Matthew 12:40

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rstrats
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Matthew 12:40

Post #1

Post by rstrats »

Whenever the three days and three nights of Matthew 12:40 is brought up in a “discussion� with 6th day crucifixion folks, they frequently argue that it is a Jewish idiom for counting any part of a day as a whole day. I wonder if anyone has documentation that shows that the phrase “x� days and “x�nights was ever used in the first century or before when it absolutely didn’t include at least parts of the “x� days and at least parts of the “x� nights?

brianbbs67
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Post #161

Post by brianbbs67 »

[Replying to post 158 by rstrats]

OK, now I see. I have no evidence at this time it was common.

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Post #162

Post by rstrats »

brianbbs67,
re: "OK, now I see. I have no evidence at this time it was common.


No problem. Someone else visiting this topic may know of examples.

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Post #163

Post by rstrats »

Point #5 in post #131 should be changed to read: To account for the discrepancy, there may be some of the above who say that the Messiah was using common figure of speech/colloquial language of the time, i.e., that it is was common to forecast or say that a day or a night would be involved with an event when no part of the day or no part of the night could occur.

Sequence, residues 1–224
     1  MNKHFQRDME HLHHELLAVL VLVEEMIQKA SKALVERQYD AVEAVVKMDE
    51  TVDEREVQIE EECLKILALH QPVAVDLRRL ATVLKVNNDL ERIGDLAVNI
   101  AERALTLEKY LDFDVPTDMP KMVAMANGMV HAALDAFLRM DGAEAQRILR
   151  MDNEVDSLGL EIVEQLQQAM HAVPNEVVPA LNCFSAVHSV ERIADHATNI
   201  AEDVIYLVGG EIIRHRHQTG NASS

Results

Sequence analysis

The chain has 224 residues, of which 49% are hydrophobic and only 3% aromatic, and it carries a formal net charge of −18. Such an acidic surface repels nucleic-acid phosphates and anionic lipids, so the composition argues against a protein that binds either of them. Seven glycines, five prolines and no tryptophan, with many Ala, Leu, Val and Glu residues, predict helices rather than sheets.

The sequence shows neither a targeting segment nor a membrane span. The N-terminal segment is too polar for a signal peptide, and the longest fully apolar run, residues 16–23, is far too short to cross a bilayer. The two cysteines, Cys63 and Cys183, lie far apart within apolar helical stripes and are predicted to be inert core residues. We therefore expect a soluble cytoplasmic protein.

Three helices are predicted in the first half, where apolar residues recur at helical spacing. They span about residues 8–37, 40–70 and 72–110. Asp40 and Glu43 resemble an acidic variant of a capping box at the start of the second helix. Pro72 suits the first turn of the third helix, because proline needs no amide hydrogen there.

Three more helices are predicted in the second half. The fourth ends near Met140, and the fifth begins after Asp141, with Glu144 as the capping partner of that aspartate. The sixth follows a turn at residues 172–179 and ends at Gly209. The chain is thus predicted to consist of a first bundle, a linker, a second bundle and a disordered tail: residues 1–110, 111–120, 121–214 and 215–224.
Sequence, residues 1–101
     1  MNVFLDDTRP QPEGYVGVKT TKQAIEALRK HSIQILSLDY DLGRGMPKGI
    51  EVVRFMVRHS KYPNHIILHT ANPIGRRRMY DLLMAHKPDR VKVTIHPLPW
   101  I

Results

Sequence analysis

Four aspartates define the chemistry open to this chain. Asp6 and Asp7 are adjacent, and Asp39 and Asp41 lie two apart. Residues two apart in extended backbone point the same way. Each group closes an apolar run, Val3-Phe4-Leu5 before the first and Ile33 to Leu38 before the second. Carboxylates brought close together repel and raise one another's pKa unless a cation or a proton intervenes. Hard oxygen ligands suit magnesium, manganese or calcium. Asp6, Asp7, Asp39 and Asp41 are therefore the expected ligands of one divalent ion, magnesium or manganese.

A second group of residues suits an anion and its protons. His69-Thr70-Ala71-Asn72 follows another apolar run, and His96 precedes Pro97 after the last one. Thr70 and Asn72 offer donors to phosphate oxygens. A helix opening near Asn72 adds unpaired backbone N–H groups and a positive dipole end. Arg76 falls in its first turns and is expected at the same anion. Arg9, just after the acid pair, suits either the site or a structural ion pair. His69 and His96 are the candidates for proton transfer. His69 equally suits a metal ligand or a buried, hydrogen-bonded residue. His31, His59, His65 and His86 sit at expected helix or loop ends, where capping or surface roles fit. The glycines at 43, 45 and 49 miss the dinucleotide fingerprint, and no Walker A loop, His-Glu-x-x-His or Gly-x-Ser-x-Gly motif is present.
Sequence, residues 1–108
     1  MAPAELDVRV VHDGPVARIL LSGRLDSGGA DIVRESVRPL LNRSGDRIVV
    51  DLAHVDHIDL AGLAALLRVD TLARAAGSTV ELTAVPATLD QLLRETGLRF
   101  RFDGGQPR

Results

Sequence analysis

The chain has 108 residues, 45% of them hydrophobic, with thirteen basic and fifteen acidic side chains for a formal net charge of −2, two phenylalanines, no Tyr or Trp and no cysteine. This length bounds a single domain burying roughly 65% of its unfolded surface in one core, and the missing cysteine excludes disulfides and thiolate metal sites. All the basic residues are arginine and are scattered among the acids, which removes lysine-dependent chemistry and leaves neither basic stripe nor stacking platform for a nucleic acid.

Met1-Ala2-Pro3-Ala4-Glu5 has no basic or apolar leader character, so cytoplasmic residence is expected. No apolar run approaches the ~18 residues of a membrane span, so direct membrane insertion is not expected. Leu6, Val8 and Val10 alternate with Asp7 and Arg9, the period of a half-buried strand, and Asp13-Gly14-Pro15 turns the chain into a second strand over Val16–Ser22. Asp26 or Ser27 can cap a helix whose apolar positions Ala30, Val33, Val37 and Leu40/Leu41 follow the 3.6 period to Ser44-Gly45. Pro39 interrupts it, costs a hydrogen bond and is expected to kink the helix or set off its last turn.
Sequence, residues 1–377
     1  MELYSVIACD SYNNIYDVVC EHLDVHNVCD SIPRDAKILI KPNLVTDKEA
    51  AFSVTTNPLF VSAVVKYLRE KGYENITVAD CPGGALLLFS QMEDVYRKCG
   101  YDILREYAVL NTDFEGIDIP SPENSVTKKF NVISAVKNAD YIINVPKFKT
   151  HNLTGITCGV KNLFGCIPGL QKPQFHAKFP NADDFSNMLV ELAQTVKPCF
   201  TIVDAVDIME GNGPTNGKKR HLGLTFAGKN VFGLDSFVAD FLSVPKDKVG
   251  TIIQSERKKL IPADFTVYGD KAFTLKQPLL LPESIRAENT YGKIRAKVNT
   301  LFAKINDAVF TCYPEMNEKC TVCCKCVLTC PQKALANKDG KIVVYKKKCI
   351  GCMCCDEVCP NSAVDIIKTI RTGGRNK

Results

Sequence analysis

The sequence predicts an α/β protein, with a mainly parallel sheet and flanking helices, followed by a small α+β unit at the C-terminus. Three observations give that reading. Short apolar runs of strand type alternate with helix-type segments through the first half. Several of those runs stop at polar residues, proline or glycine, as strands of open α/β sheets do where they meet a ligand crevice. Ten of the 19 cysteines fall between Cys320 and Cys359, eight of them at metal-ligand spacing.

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Post #164

Post by rstrats »

Maybe someone new visiting this topic who believes the Messiah died on the 6th day of the week and who thinks He was using common figure of speech/colloquial language in Matthew 12:40 might know of examples to support the idea of commonality.

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Post #165

Post by Eloi »

This passage helps to understand when the death and resurrection of Jesus occurred:

Luke 24:1 On the first day of the week, however, they went very early to the tomb, bearing the spices they had prepared. 2 But they found the stone rolled away from the memorial tomb, 3 and when they entered they did not find the body of the Lord Jesus. 4 While they were in perplexity over this, look! two men in flashing clothing stood by them. 5 As the [women] became frightened and kept their faces turned to the ground, the [men] said to them: “Why are YOU looking for the living One among the dead? 6 [[He is not here, but has been raised up.]] Recall how he spoke to YOU while he was yet in Galʹi·lee, 7 saying that the Son of man must be delivered into the hands of sinful men and be impaled and yet on the third day rise.� 8 So they called his sayings to mind, 9 and they returned from the memorial tomb and reported all these things to the eleven and to all the rest. 10 They were the Magʹda·lene Mary, and Jo·anʹna, and Mary the [mother] of James. Also, the rest of the women with them were telling the apostles these things. 11 However, these sayings appeared as nonsense to them and they would not believe the [women].
12 [[But Peter rose and ran to the memorial tomb, and, stooping forward, he beheld the bandages alone. So he went off, wondering within himself at what had occurred.]]